5 things you should know about Carnforth

"Underneath an old fashioned railway station clock, specifically the iconic clock on Carnforth stati

Underneath the iconic clock on Carnforth station in England, made famous in the 1945 romantic film drama Brief Encounter - Credit: Getty Images/iStockphoto

The market town and civil parish in the City of Lancaster has a rich industrial and railway history, with a link to fine Georgian furniture. But it is best known to many as the home of Brief Encounter, the beautifully bittersweet 1945 David Lean classic film.

What’s in a name?

There are two theories of how Carnforth got its name. The first is that it comes from its position at the ford of the river Keer, and over time Keer-ford became the modern Carnforth. Or, it could be that its name derives from Chreneforde, which is Anglo-Saxon in origin. This is the opinion in the Victoria county history of Lancashire.

An other unusually-named landmark Morphy's Mill, in Oxford Street, once a major employer of women in the town. Contrary to its name it was never a mill, but a tailoring factory, making blouses and other garments from 1920 until the 1980s.

Industrial history

The town grew up around its ironworks. Huge deposits of limestone, used for the smelting process, in the local area made Carnforth an ideal place for an ironworks. In 1846 the Carnforth Ironworks Company opened, near the railway station. Many workers were moved up from the Earl of Dudley Ironworks in Worcestershire, living in the company village, imaginatively christened Dudley, but now called Millhead. After various incarnations, the site made iron until 1929. The site was taken over by the War Department as an ordnance depot and remained as such until the 1960s. It is now an industrial estate, and home to a collection of locally-owned businesses.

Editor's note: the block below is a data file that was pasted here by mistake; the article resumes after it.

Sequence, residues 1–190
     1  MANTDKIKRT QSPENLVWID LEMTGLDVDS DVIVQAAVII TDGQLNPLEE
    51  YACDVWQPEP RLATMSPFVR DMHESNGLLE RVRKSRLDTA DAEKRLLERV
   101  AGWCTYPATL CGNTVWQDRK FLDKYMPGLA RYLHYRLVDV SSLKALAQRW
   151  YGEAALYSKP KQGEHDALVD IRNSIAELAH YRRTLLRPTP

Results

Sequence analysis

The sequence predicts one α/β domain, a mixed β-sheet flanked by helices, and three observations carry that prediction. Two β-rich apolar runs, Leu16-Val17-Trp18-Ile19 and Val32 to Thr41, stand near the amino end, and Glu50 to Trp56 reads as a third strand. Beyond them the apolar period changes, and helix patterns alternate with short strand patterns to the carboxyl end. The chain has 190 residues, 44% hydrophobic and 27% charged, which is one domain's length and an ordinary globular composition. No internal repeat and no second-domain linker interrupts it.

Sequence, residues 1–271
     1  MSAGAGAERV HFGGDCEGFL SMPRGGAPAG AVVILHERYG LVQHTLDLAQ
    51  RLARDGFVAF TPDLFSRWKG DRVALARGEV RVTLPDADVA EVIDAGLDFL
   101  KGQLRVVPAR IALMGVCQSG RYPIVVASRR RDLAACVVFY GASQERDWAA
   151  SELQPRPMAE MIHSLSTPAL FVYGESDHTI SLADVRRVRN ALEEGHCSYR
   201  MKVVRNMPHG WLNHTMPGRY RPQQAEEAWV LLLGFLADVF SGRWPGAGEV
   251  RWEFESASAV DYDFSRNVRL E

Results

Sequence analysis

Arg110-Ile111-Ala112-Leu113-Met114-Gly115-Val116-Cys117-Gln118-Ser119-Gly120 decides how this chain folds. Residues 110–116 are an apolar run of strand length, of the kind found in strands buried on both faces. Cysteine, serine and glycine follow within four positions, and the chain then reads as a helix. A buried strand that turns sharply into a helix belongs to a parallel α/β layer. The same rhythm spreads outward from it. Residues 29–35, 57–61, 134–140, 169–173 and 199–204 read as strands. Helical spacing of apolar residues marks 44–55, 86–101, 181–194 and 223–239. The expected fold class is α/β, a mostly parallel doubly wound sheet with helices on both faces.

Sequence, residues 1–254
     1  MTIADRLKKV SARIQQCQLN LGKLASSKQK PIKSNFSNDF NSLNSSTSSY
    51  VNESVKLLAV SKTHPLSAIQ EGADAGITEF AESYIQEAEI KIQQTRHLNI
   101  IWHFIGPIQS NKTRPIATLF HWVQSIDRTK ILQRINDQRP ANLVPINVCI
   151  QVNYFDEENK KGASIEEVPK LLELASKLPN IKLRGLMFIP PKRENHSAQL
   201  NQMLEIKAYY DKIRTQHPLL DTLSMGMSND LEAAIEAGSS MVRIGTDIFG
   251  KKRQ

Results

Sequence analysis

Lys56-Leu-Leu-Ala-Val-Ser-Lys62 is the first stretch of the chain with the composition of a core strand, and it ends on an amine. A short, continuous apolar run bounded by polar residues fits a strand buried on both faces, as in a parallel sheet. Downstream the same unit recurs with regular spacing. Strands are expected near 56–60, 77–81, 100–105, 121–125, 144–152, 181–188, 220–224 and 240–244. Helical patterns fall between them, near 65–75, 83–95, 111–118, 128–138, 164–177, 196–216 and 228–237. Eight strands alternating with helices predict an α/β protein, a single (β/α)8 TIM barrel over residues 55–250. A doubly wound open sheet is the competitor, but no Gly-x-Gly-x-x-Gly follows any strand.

Railway heritage

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During Victorian times, Carnforth grew from a small village into an important town when it became the junction of three major railways. 

It was a centre for steam trains, and was one of the last to retain an allocation of steam locomotives in its Carnforth motive power depot until 1968. The buildings are now occupied by West Coast Railways, who still maintain steam engines there.

But, where it had been popular for steam trains, it did not fare so well in the modern era. Station facilities were reduced and the mainline platforms were closed in May 1970, then removed when the line was electrified two years later. As a result, no express services on the West Coast Main Line call at the town, although it is used by trains running from Lancaster to Barrow and Leeds.

Leighton Hall

Home of the Gillow furniture family, Leighton Hall is still lived in today and is far from a stuffy museum. It is open to the public, with a chance to see how it has changed over almost 800 years, from an agricultural estate in mediaeval times to a grand country house.

Every room from the chapel to the dining room is still used every day, together with the collection of Gillow furniture, so prestigious it was referenced in literature by Jane Austen, WM Thackeray and the first Lord Lytton. There are also formal gardens, a woodland walk and a busy wedding and party hire business.


Brief Encounter

We couldn’t talk about Carnforth and not mention its most famous moment, in the classic 1945 film of love and longing, directed by David Lean and starring Celia Johnson and Trevor Howard. Considered to be one of the best British films of all time, Brief Encounter saw cameras running and film lights illuminating the winter nights on platform one in the last months of the second world war.

Now home to an award-winning heritage centre, lovingly restored in 2003, with vintage suitcases and railway posters, it celebrates the era when steam trains frequently passed through. It is now staffed by volunteers and entry is free.


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